Original Author: Ashburn, Melissa
Date of Material: 09/22/2004
The city housing authority asked if community service workers would be eligible for workers' compensation benefits.
September 22, 2004
Re: residents performing community service - workers’ compensation eligibility
Dear Executive Director of the Housing Authority,
I am in receipt of your letter to your Management Consultant in which you ask whether residents performing community service would be eligible for workers’ compensation. My research reveals that the answer is no.
The basis of liability under the Workers’ Compensation Act is the employer-employee relationship. An “employee” is defined in Tennessee Code Annotated § 50-6-102(9)(A) as:
...every person, including a minor, whether lawfully or unlawfully employed...in the service of an employer....under any contract of hire or apprenticeship, written or implied.
“Employer” is defined in the act, at T.C.A. 50-6-102(11) as:
“Employer” includes any individual, firm, association or corporation,...using the services of not less than five (5) persons for pay..... (emphasis added).
Based upon this language from the Workers’ Compensation Act, Tennessee courts have consistently denied workers’ compensation benefits to volunteer workers, who expect no payment for their services. Black v. Dance, 643 S.W.2d 654 (Tenn. 1982); Haney v. First American National Bank, 1999 WL 1212697 (Tenn. App.)(unpublished opinion). Simply stated “there must be an express or implied contract for compensation for services in order to support a status of employee under the Workers’ Compensation Act.” Hill v. King, 663 S.W.2d 435, 439 (Tenn. App. 1983).
I understand from the article you enclosed in your correspondence that a legal opinion in New Jersey has reached a different conclusion, determining that community service volunteers may be eligible for workers’ compensation benefits. There are numerous differences between the New Jersey law on workers’ compensation and the statute followed in Tennessee. The definitions used in the New Jersey statute follow:
“Employer” is declared to be synonymous with master, and includes natural persons, partnerships, and corporations; “employee” is synonymous with servant, and includes all natural persons...who perform service for an employer for financial consideration, exclusive of (1) employees eligible under the federal “Longshore and Harbor Workers’ Compensation Act”....and (2) casual employments, which shall be defined, if in connection with the employer’s business, as employment the occasion for which arises by chance or is purely accidental; or if not in connection with any business of the employer, as employment not regular, periodic or recurring... New Jersey Statutes § 34:15-36.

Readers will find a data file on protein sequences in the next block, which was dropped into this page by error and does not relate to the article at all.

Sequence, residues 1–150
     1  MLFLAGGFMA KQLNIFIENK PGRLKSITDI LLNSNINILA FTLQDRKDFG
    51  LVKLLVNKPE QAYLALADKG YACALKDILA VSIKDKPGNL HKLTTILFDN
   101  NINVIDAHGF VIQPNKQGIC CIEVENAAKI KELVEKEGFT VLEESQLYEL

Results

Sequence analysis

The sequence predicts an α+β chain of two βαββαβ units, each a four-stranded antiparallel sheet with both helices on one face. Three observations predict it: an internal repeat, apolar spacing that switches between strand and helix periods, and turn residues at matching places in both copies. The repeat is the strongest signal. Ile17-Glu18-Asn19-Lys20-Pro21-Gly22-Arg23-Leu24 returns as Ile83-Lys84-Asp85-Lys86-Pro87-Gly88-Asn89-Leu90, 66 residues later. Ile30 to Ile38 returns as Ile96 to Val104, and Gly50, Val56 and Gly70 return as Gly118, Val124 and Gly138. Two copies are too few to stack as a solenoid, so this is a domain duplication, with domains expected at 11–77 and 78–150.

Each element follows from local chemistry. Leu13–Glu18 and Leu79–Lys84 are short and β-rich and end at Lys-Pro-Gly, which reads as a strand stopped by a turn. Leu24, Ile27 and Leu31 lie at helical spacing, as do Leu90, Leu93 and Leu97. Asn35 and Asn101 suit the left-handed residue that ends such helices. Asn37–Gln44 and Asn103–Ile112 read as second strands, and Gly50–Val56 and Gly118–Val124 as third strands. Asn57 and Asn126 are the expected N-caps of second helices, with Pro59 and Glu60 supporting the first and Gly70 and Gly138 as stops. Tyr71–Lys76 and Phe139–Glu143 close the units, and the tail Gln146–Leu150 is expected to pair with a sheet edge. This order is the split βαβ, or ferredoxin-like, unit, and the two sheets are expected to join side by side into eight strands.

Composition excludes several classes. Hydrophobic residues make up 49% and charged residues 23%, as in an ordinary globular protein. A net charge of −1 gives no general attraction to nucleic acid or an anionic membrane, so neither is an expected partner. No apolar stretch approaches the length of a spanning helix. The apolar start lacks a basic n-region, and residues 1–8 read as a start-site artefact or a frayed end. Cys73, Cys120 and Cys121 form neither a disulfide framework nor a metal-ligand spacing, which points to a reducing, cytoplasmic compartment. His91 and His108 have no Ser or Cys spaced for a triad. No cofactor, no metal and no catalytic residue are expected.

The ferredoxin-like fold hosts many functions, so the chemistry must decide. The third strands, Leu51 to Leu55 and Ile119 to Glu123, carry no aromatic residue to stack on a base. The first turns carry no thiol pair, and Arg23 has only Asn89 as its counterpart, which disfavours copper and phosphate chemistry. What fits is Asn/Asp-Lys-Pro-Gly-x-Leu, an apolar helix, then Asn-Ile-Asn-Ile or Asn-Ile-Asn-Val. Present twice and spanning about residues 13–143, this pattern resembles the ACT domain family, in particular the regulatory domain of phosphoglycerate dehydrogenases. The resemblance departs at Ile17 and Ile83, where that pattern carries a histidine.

Although a much more extensive definition of “employee” appears in the New Jersey statute, similar salient words “for financial consideration” are used.
To address this issue of a potential finding that community service workers may be entitled to workers’ compensation benefits, it is important to note that the opinion rendered in New Jersey is not a court opinion or even an Attorney General opinion. Nevertheless, if you examine court cases from different jurisdictions, those instances in which volunteers have been found to be eligible for benefits involve situations in which the person received some benefit in exchange for the service performed, usually in the form of free room and board.
There are several cases in which student nurses have been awarded workers’ compensation benefits when injured during unpaid services rendered at hospitals, as the students received tuition payments or free lodging in exchange for their work. Carraway Methodist Hospital v. Pitts, 57 So.2d 96 (Ala. 1952); Brewers Case, 141 N.E.2d 281 (Mass. 1957); Krause v. Trustees of Hamline University, 68 N.W.2d 124 (Minn. 1955); Heget v. Christ Hospital, 58 A.2d 615 (N.J. 1948); Bernstein v. Beth Israel Hospital, 140 N.E. 694 (N.Y. 1923). In that sense, the student nurses were “compensated” for their time and work.
One could argue that, since the federal law requires residents of public housing to perform community service, the residents are compensated by being eligible for low-rent housing. A significant difference between this situation and the student nurse cases is that the hospitals in which the student nurses worked and were injured were the same institutions which paid their tuition and provided housing. If the public housing authority does not operate its own community service organization, but merely requires that residents perform community service through various organizations, unaffiliated with the housing authority, then this “compensation” issue is further removed. If the volunteer is not receiving any benefit directly from the organization for which he or she performs community service, then the argument that they should be entitled to workers’ compensation benefits becomes much weaker.
Although it is my opinion that Tennessee courts will not modify earlier rulings and find a volunteer to be eligible for workers’ compensation, to be prudent it is advisable that the community services provided by residents of the housing authority not be provided directly to the authority. In other words, it is best for the residents to perform volunteer services for different, unaffiliated organizations. In such a situation, there would be no potential for a viable workers’ compensation claim, as no “compensation” or benefit is received by the volunteer from the unaffiliated organization.
I hope this information is helpful.
Thank you for consulting with MTAS.